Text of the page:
On the strength of the resolution, Lawyers’ Alert filed a suit against Mr X’s employers on the 19th day of December 2016 at the national industrial court of Nigeria sitting in Abuja, titled, Mr X v Jakobus Brinks & 3 Ors. (Suit no. nicn/abJ/37/464/2016). this booklet showcases the process, victory and implementation of the court order in favour of Mr X.
it is important that such legal feats are documented and used as a reference for similar cases. NACA recognises the efforts of lawyers alert and their partner, the Southern Africa litigation centre (Salc) for getting justice for Mr X and others in the court as documented in this booklet. NACA is happy to recommend this booklet to practitioners in the vanguard for the rights and welfare of persons living with HIV and AIDS in Nigeria.
SCCURING Tl I[RIGI ITSor PCOPL[ LIVING WITI 1 1 llV INTl I[WORKPLACC: -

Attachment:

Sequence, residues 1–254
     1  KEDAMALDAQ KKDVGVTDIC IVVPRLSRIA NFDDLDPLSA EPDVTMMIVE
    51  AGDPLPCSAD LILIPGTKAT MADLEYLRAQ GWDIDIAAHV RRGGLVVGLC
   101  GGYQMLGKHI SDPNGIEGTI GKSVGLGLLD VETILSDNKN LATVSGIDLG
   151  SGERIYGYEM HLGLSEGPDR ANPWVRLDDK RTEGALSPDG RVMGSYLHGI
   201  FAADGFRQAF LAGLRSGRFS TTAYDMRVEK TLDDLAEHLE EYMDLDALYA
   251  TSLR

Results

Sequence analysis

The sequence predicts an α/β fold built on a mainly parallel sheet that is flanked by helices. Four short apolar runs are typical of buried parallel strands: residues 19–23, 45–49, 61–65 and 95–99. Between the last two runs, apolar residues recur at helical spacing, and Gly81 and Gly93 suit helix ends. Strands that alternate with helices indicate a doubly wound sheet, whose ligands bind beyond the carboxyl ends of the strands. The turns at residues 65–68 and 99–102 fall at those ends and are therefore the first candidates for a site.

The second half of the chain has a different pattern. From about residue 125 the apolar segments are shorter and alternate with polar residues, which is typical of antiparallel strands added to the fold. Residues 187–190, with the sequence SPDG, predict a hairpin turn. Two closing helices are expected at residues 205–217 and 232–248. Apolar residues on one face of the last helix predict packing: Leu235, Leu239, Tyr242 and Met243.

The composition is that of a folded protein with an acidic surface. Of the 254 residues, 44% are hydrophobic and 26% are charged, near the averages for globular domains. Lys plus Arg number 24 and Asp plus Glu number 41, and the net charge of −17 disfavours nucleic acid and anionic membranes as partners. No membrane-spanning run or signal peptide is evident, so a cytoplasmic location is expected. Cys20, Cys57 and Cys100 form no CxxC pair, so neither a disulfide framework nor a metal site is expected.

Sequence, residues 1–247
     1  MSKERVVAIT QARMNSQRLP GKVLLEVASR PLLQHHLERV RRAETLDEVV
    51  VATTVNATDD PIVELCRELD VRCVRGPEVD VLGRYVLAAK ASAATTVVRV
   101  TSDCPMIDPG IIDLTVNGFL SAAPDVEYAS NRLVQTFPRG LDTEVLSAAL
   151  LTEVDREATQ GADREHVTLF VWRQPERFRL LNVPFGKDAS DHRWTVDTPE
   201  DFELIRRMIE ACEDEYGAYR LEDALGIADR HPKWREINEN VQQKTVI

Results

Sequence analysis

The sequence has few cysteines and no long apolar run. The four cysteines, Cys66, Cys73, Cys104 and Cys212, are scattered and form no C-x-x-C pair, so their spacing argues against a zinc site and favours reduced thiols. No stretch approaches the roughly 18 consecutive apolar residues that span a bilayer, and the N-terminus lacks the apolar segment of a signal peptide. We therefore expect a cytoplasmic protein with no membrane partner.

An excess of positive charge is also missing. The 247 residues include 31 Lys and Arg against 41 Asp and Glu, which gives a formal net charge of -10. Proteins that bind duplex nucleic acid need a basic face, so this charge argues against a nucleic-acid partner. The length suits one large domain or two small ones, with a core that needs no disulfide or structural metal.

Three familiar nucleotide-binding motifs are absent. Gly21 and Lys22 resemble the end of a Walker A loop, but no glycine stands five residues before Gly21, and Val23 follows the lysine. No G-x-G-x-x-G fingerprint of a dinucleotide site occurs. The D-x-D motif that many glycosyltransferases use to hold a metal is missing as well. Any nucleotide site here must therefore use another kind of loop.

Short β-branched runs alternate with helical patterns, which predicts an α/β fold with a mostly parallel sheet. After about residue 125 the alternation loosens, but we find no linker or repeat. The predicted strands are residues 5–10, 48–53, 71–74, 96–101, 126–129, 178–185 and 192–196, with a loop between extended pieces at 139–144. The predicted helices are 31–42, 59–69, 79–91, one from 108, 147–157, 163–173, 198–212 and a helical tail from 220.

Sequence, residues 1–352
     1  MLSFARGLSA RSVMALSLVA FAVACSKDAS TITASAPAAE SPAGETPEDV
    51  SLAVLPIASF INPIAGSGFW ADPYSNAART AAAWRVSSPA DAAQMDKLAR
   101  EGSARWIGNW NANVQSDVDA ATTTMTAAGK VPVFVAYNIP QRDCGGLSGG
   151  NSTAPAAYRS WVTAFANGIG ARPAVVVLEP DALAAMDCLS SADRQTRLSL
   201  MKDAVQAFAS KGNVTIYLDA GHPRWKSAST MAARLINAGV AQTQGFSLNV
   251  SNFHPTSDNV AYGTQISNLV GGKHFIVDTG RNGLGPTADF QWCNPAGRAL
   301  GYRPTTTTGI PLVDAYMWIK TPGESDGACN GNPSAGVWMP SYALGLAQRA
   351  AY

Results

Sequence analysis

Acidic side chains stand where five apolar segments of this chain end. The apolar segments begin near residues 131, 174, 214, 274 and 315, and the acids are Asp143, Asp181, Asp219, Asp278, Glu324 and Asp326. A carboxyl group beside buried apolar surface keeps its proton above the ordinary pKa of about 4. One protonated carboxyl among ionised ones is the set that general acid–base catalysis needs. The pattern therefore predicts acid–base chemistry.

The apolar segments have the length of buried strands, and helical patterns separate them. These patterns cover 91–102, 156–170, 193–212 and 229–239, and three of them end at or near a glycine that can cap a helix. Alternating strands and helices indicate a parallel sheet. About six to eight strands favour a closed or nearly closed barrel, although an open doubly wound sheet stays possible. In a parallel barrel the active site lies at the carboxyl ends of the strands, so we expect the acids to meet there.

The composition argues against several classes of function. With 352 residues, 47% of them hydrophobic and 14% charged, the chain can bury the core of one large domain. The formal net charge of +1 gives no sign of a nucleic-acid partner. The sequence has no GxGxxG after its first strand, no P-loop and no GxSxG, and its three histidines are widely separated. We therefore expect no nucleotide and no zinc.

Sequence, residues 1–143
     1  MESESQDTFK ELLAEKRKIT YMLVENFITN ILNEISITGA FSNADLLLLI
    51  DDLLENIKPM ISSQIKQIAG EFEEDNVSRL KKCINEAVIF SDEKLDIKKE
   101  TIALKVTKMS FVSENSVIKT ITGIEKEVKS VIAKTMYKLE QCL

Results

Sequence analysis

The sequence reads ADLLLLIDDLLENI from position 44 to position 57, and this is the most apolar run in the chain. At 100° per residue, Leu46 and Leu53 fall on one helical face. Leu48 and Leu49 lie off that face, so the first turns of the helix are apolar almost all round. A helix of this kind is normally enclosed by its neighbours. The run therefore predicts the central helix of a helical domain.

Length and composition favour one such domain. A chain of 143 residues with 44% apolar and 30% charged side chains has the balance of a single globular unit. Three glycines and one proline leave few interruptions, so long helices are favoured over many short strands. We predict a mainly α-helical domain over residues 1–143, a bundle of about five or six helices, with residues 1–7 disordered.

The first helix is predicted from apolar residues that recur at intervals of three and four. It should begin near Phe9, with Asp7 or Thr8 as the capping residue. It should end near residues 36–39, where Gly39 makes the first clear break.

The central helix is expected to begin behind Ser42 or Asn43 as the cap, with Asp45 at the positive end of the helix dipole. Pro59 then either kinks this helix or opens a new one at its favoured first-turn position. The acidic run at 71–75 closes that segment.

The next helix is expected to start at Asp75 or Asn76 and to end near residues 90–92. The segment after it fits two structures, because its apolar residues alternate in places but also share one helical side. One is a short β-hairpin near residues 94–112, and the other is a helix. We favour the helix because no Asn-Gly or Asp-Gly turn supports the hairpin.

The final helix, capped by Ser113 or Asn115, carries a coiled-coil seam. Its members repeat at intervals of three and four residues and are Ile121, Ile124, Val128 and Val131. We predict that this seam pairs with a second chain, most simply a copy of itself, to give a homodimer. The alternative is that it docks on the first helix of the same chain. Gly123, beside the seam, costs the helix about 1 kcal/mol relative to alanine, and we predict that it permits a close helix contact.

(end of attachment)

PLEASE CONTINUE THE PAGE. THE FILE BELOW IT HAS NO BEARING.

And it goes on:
NACA is committed to working with all stakeholders to end all forms of HIV/AIDS-related stigma and discrimination in order to achieve the global target of ending AIDS by 2030.
around the world, people living with HIV continue to experience discrimination and stigma on the basis of their HIV status. this includes discrimination in the workplace.
in Nigeria, the government has enacted the HIV and AIDS (anti-Discrimination) act of 2014 which aims to protect people living with HIV from discrimination. Among other things:
• the act prohibits all forms of discrimination based on HIV status.
• the act prohibits employers from forcing their employees or people who are applying for jobs from undergoing HIV tests.
• the act prohibits employers from discriminating against their employees on the basis of their HIV status.
• the act prohibits termination of employment on grounds of HIV status.
• the act prohibits healthcare workers from testing people with HIV without their informed consent.